High blood pressure (or hypertension) is a common, yet potentially very serious health condition that can lead to heart disease or stroke. To combat hypertension, doctors usually recommend that their patients follow a healthy, low salt diet and exercise regularly, but is there another simple thing that we all can do to lower our blood pressure?
Recent studies have indicated that spending more time outdoors in the sun can lower your lower pressure. What was found is that nitric oxide stored in the top layers of the skin reacts to sunlight and cause blood vessels to widen as the oxide moves into the bloodstream. That, in turn, lowers blood pressure. The research, which was conducted by British researchers at the University of Southampton, exposed individuals with blood pressure within normal range to ultra violet light. After exposure, those in the study saw a modest decrease in blood pressure levels. Researchers believe that the drop will be even more significant in individuals with elevated blood pressure.
Additional studies have concluded that people with higher levels of Vitamin D ( a vitamin that is commonly linked to sun exposure), experienced lower blood pressure levels and were at lower risk of developing hypertension. In fact, according to one recent study, for every 10 percent increase in vitamin D levels, there was an 8 percent decrease in the risk of developing hypertension.
Lastly, blood pressure levels tend to fluctuate seasonally, with levels typically being at their highest during the winter months. There are many potential factors for this, including changing weather patterns and increased weight gain during the winter, but could more sun exposure be a factor in lower blood pressure during summer months?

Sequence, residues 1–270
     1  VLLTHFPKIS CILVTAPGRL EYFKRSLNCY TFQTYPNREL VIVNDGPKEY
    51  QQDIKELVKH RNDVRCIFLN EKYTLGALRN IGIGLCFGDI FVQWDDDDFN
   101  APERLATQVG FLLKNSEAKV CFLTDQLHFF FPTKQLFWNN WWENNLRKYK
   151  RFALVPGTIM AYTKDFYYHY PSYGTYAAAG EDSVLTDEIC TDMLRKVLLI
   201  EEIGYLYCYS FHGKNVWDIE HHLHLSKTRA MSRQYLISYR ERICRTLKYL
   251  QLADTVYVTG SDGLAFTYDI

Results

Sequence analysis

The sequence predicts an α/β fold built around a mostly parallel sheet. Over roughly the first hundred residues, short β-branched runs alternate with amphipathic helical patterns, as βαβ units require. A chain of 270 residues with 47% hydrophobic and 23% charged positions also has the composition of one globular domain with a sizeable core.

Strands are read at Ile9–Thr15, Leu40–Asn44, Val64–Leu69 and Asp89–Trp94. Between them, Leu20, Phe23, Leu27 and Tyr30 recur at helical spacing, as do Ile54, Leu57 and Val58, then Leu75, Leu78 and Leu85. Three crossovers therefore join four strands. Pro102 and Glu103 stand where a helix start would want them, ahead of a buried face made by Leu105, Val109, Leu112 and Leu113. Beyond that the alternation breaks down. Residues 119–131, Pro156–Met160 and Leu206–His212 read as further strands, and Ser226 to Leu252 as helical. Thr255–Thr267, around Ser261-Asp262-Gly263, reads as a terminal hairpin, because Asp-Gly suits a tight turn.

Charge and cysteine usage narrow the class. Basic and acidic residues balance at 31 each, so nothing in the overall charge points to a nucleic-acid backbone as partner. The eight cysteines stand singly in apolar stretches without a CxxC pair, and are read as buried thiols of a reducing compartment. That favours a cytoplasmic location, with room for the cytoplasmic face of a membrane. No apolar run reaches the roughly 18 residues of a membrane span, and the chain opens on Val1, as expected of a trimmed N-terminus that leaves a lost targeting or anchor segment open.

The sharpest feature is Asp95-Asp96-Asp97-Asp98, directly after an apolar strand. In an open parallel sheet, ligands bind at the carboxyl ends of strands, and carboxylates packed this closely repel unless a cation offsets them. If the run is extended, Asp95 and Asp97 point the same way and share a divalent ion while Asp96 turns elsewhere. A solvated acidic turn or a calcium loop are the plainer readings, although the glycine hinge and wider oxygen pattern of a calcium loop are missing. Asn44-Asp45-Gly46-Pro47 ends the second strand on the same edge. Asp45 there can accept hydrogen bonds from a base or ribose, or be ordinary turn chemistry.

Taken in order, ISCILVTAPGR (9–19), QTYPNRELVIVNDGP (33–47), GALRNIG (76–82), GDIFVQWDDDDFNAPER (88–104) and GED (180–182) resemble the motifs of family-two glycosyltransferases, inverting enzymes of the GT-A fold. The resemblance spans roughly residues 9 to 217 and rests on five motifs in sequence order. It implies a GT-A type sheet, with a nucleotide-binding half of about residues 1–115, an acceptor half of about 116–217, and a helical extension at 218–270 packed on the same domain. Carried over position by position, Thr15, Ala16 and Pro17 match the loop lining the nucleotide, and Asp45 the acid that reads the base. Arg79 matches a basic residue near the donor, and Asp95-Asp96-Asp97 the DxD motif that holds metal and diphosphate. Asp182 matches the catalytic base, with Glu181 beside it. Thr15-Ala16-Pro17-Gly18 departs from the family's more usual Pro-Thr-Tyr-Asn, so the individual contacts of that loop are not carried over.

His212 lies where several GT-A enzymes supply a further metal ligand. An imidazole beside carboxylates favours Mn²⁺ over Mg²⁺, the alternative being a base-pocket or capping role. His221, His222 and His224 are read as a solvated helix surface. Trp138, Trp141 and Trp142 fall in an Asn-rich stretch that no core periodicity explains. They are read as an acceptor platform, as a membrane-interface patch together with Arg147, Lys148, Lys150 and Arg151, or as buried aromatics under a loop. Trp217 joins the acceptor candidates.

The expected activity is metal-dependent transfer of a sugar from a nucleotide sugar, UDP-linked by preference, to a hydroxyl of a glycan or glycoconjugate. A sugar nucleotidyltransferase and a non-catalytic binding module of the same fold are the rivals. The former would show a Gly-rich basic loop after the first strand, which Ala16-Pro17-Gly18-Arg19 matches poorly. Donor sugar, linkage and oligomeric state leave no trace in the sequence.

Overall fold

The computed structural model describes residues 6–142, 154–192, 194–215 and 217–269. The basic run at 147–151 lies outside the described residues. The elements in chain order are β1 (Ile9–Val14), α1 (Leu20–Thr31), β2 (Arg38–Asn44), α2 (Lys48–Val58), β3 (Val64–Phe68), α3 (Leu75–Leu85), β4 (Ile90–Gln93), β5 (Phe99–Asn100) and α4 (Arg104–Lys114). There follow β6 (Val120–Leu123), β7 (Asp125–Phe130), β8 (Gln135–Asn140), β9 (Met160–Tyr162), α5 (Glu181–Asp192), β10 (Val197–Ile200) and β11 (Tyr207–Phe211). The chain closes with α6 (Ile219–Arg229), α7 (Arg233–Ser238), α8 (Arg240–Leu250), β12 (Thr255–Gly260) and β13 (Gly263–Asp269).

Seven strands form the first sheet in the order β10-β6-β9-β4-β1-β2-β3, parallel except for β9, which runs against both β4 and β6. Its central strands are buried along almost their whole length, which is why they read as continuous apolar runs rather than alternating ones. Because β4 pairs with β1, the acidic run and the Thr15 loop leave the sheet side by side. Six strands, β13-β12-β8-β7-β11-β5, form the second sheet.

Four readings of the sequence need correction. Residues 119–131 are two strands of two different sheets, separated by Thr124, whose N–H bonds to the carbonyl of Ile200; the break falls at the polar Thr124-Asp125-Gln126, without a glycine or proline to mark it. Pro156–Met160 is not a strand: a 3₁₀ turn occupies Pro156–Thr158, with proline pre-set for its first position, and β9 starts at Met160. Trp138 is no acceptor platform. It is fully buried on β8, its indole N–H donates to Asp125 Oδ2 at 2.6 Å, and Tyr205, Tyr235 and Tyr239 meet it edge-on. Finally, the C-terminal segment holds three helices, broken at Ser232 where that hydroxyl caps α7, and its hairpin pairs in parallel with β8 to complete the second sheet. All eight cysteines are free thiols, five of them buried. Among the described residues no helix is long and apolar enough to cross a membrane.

This information does not mean that those looking to lower their blood pressure should rely on sun exposure as their only form of treatment against hypertension, nor should individuals ignore the potential dangers of prolonged, unprotected exposure to the. This research merely suggests that, if done responsibly, exposure to the sun can have a positive effect on your blood pressure levels.
If you have hypertension, speak with your physician about how increased sun exposure may benefit your condition. If you do not have a doctor, please call 718-670-5486.
All content of this newsletter is intended for general information purposes only and is not intended or implied to be a substitute for professional medical advice, diagnosis or treatment. Please consult a medical professional before adopting any of the suggestions on this page. You must never disregard professional medical advice or delay seeking medical treatment based upon any content of this newsletter. PROMPTLY CONSULT YOUR PHYSICIAN OR CALL 911 IF YOU BELIEVE YOU HAVE A MEDICAL EMERGENCY.